Category Archives: Lenses

Summicron-M collapsible

I got a hold of a Leitz 5cm f/2 Summicron-M collapsible lens … one that was in really bad condition, which was the only way I could afford grabbing this type of lens. I have to say (and I knew for a long time) Leica M stuff is EXPENSIVE (I thought the LTM was over priced).

I did not do a complete dissasembly … like getting at the focus helicoid.

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The lens is actually not that difficult to work on, but just requires a bit of pre-info … since you really don’t want to damage a Leitz.

The front element is very soft so it is noted on being very easy to scratch when cleaning. This one has heavy haze and fungus.

 

 

 

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DSC00531To get to the aperture blades you can just unscrew the entire front group off.

Getting between the elements of this front group is something I did not even attempt to do.

 

 

 

 

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DSC00532You can remove the rear cap section, but you have to do one thing first. There is a small screw in the side of the lens barrel, loosen that first

It is a brass screw, so watch out !!!

 

 

 

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before using your spanner wrench to unscrew the rear retaining ring.

 

 

 

 

 

 

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The collapsible lens rides on two slots, and the rear focus ring has two bearings inside it … so try not to loose them … and when putting it back together you have to line up the slots.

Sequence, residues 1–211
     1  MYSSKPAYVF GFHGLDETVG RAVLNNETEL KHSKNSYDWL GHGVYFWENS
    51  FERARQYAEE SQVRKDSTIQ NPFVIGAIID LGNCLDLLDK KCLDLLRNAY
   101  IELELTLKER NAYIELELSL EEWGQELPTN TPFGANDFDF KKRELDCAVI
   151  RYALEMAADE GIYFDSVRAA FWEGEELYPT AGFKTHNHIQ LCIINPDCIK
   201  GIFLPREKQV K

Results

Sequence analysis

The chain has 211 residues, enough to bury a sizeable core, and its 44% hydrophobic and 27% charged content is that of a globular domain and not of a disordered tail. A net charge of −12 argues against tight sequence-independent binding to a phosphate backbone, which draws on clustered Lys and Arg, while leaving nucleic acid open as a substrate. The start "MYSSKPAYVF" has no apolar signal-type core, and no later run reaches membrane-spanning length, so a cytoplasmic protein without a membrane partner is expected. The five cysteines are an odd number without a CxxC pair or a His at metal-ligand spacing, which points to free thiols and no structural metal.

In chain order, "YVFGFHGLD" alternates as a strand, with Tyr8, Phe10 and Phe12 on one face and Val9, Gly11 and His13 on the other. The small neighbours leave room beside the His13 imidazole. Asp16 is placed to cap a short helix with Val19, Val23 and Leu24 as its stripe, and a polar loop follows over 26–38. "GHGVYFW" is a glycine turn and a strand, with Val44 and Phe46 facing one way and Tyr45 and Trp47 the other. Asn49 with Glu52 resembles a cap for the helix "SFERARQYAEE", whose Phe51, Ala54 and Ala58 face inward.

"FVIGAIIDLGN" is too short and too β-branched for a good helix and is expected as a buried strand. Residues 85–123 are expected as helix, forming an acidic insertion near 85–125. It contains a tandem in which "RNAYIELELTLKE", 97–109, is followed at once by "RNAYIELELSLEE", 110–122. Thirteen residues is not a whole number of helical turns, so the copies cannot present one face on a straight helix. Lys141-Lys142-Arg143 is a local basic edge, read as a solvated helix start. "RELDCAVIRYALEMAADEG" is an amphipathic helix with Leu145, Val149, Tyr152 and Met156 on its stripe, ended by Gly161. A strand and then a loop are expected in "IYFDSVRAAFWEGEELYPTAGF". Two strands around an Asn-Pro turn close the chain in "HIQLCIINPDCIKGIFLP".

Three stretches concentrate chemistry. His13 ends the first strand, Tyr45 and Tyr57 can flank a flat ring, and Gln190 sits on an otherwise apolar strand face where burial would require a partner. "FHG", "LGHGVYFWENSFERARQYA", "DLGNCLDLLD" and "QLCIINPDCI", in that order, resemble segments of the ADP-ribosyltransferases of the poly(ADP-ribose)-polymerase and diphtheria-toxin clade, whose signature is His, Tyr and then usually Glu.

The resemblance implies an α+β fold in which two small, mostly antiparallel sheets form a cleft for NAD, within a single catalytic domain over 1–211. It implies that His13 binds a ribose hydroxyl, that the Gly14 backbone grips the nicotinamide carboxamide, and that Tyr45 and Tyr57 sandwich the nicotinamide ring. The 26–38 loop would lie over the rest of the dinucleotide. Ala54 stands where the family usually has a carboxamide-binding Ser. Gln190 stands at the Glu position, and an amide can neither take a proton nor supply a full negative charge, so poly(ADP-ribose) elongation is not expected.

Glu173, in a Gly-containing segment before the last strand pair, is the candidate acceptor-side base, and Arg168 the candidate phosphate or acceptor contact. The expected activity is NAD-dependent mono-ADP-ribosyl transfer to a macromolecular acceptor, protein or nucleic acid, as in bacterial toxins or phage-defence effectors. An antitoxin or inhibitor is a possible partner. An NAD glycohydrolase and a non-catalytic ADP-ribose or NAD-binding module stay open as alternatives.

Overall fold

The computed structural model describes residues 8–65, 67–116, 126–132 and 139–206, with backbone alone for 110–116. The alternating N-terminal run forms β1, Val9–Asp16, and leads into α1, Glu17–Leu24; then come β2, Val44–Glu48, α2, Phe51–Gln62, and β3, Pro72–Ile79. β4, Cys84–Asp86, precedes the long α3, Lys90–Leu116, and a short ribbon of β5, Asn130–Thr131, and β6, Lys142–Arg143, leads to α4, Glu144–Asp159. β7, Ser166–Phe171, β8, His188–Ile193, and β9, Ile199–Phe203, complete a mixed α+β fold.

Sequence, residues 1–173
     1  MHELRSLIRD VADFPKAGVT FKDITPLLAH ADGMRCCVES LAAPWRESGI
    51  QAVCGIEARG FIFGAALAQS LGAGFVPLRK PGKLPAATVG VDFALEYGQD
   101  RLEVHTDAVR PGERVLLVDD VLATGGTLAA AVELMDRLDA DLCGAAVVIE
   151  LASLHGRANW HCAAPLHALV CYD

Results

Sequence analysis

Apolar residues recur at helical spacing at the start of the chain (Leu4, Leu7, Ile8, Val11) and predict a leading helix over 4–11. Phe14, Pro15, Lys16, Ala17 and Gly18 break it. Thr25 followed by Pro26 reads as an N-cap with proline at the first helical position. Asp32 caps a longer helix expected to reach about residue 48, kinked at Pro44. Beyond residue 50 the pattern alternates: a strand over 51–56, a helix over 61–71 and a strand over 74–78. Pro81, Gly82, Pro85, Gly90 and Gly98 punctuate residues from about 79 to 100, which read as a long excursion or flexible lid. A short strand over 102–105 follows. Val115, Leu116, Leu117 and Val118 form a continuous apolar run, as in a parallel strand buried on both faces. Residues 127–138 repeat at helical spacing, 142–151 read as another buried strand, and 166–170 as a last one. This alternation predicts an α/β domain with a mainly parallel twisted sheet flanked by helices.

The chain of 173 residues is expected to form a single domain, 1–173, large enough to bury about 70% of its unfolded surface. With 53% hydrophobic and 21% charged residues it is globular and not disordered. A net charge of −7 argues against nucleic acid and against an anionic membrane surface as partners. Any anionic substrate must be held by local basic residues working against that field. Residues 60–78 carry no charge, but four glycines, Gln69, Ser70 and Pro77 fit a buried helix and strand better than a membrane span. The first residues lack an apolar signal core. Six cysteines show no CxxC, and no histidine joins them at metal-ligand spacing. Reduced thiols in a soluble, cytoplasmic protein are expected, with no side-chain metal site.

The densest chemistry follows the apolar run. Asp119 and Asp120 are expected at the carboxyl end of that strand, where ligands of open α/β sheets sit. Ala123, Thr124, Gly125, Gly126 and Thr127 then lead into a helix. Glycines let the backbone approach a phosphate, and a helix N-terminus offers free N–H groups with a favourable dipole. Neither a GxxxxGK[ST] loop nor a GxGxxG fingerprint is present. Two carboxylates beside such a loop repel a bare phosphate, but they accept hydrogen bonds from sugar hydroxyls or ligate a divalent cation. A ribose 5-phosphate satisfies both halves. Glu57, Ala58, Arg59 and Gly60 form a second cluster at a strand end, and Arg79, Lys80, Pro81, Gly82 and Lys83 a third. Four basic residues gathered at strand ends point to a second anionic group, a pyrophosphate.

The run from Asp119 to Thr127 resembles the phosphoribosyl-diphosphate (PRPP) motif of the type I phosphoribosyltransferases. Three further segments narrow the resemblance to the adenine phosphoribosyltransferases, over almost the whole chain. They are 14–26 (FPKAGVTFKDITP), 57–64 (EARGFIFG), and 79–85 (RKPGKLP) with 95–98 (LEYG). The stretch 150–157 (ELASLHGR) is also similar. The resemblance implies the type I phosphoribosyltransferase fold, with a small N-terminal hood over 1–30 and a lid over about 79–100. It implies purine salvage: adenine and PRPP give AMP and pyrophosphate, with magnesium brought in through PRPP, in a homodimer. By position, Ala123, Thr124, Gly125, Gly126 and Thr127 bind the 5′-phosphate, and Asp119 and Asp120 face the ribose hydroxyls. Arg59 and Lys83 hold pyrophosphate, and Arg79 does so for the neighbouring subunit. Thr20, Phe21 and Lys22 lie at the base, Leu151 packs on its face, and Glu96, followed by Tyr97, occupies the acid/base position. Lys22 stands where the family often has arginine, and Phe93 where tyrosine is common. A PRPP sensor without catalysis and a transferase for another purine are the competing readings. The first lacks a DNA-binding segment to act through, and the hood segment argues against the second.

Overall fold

You can see the two bearings (the left one is missing in this shot).

 

 

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Here is a picture of the end cap attached to show how the slot should line up.

The encap goes on after placing the focus ring on … so you will have to eye ball it.

Then screw the retaining ring back on with the spanner wrench without turning the end cap … then secure the side screw.

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Cron the destroyer …

The Leitz 50mm lens went through many different iterations since 1924, starting with the Anastigmat designed by Max Berek … the Summar was the first of the f/2 line in 1932, then Summitar, then finally the Summicron.

The Ernst Leitz Wetzlar Summacron 50mm (5cm) f/2.0 first production M-mount started 1954. The Leica part name for the m-mount version is SOOIC-M (don’t ask me about that). 7 elements in 4 groups … that’s a lotta glass !!! The original version started as a collapsible, later 1956 they also producted a rigid body.

Early 50mm Summicron’s had lens elements, made by Chance Brothers & Co., that had thorium oxide in it … very low radioactivity and it eventually turned the lens little yellow/brown over time … they quickly switched over to their own lanthanum oxide formula.

Marco Cavina has a great website about Leica, though it is in Italian … but I don’t think you will have any problems finding reading matrial about anything Leica.

Now I am not a Leica person, I was caught offguard when people use the suffix to talk about various lenses … and this one being the Summacron 50mm (5cm) f/2.0, it was refered to as a cron. It appears that a Summacron refers to the f/2.0 aperture size ? … obviously I am a Leica newbie … so what do I really know.